Friday, August 28, 2015
There are 168 hours in a week and illness or injury can strike during any one of them – not only in the 40-plus hours that physician offices are open for business.
There being no practical way for individual physicians to plan efficiently for the unplanned needs of their patients, they tend to fill their schedules ahead of time.
One result of scientific and technological advances is that a large and increasing portion of medical care can be adequately provided by people who are not physicians.
In light of all that, one might expect that the health care establishment would have some time ago made convenient provision for patients seeking out-of-hours care, much of which falls short of emergency status. But physicians in private practice would have seen that as competition and so it didn’t happen.
There being no alternative, patients got their out-of-hours care from hospital emergency rooms. The specter of competition prevented hospitals from making the service attractive. Hours of waiting for service became common but patients in droves sought it anyway.
As the health care economy grew, investors saw an opportunity and urgent care chains were developed and drug store chains began to offer health care services that could properly be offered by nurses.
Hospitals are finally beginning to become interested. Partners Health Care, the Boston Hospital behemoth, has announced that it will begin opening urgent care centers throughout the Boston area.
When Partners moves, everyone pays attention. So it seems that hospitals are finally responding to a need that they should have filled a long time ago.
Sunday, August 23, 2015
Doctors or Systems?
We used to think that the best way to be assured of good medical care was to put ourselves in the hands of the right physician.
It appears not to be that simple any more.
The July issue of H&HN, the journal of the American Hospital Association, included an article entitled When Stroke Care is a Statewide Effort. The article began by reciting the story of a stroke victim in Illinois who was taken to a 25-bed hospital in Taylorville rather than to a larger hospital in Springfield. The patient’s wife questioned that decision and was assured by the local doctor that it was the right thing to do. The patient got a quick CAT scan, followed by a dose of tPA, the clot-busting drug, and was then shipped off to the larger Memorial Medical Center in Springfield. By the time the patient arrived there, his previously paralyzed left side was working again.
The rest of the article discussed the Paul Coverdell National Acute Stroke Program. Coverdell was a U.S. Senator from Georgia who died of a stroke. The program named for him is operated by the Atlanta-based Centers for Disease Control and Prevention and sponsors stroke systems of care. These programs involve coordinating the activities of Emergency Medical Technicians and hospitals so that stroke victims receive appropriate treatment promptly – time being of the essence in this case.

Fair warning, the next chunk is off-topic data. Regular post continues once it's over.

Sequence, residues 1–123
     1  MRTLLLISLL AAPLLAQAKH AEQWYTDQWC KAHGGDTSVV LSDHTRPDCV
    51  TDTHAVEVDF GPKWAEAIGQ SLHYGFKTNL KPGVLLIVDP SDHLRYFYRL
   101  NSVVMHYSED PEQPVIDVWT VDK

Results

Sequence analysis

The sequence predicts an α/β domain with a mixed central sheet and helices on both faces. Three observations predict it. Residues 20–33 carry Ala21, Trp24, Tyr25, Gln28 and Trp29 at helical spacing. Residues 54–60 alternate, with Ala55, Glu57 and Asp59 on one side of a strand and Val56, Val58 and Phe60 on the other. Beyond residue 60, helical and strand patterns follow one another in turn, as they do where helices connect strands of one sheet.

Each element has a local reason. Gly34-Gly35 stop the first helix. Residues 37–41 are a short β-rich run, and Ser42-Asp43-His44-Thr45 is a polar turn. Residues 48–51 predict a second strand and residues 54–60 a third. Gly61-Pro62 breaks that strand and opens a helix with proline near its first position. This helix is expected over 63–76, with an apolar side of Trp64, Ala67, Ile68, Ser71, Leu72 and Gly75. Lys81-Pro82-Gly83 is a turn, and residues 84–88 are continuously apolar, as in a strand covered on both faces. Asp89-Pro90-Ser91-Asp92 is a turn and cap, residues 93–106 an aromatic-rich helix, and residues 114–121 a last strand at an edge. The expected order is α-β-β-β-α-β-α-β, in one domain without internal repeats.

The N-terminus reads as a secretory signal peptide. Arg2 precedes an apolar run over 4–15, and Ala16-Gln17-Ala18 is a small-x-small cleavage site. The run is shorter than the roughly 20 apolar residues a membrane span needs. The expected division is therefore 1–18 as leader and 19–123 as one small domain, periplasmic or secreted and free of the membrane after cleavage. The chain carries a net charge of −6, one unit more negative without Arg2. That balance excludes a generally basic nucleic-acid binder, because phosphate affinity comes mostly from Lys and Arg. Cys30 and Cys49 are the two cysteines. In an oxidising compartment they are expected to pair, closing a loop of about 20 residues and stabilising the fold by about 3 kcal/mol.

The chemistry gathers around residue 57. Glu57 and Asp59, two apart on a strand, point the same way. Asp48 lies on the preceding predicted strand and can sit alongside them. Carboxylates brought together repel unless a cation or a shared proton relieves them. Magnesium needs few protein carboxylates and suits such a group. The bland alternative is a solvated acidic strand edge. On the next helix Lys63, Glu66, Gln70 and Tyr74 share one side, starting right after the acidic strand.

So it seems that if, God forbid, you should suffer a stroke, the quality of the care you receive may depend more on the system that provides it than on the identity of the doctors who staff it.
Thursday, August 20, 2015
According to the August 10 issue of Modern Healthcare, the top ten compensation amounts for healthcare executives in 2013 ranged from 3.6 million to 8.4 million. Then the August 18 issue of The Boston Globe included an article about CEO salaries in Massachusetts teaching hospitals, all of which were well into seven figures, the highest quoted for the full year of 2013 being 2.6 million.
Spokespersons quoted attributed these salary levels to competition and market forces.
I don’t believe that. I have yet to read of a healthcare CEO being paid in the millions being attracted to another job by more pay.
I think what we are seeing is a social mechanism that has gone off the rails. I think what has happened is that compensation committees of boards of trustees started using consultants and that those consultants found that the way to become popular was to find ways to justify high compensation levels. Boards are populated in large part by CEOs of other organizations who are typically overpaid themselves and find it easy to adopt those consultants’ recommendations.
The thing has gotten out of hand and nobody as yet has found a way to bring it back under control. There are some indications of popular discontent over these exorbitant salary levels, but so far it doesn’t seem to be having much effect.